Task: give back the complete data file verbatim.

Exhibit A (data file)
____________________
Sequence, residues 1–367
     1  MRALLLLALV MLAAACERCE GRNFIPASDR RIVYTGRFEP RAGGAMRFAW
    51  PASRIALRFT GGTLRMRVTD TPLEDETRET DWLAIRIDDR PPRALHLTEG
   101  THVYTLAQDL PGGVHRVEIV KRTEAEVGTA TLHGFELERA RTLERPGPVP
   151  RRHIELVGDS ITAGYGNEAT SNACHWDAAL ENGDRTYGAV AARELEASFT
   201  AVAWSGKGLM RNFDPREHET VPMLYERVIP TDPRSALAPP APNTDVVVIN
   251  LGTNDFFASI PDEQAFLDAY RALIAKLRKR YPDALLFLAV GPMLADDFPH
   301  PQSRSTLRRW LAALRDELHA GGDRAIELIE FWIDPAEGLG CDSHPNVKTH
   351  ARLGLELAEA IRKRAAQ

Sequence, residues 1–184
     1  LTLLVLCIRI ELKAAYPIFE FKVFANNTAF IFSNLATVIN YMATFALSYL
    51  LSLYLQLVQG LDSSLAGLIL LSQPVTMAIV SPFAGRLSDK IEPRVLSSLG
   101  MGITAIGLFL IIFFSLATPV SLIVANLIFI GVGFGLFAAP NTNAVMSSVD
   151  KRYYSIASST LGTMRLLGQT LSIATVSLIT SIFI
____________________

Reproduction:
Sequence, residues 1–367
     1  MRALLLLALV MLAAACERCE GRNFIPASDR RIVYTGRFEP RAGGAMRFAW
    51  PASRIALRFT GGTLRMRVTD TPLEDETRET DWLAIRIDDR PPRALHLTEG
   101  THVYTLAQDL PGGVHRVEIV KRTEAEVGTA TLHGFELERA RTLERPGPVP
   151  RRHIELVGDS ITAGYGNEAT SNACHWDAAL ENGDRTYGAV AARELEASFT
   201  AVAWSGKGLM RNFDPREHET VPMLYERVIP TDPRSALAPP APNTDVVVIN
   251  LGTNDFFASI PDEQAFLDAY RALIAKLRKR YPDALLFLAV GPMLADDFPH
   301  PQSRSTLRRW LAALRDELHA GGDRAIELIE FWIDPAEGLG CDSHPNVKTH
   351  ARLGLELAEA IRKRAAQ

Sequence, residues 1–184
     1  LTLLVLCIRI ELKAAYPIFE FKVFANNTAF IFSNLATVIN YMATFALSYL
    51  LSLYLQLVQG LDSSLAGLIL LSQPVTMAIV SPFAGRLSDK IEPRVLSSLG
   101  MGITAIGLFL IIFFSLATPV SLIVANLIFI GVGFGLFAAP NTNAVMSSVD
   151  KRYYSIASST LGTMRLLGQT LSIATVSLIT SIFI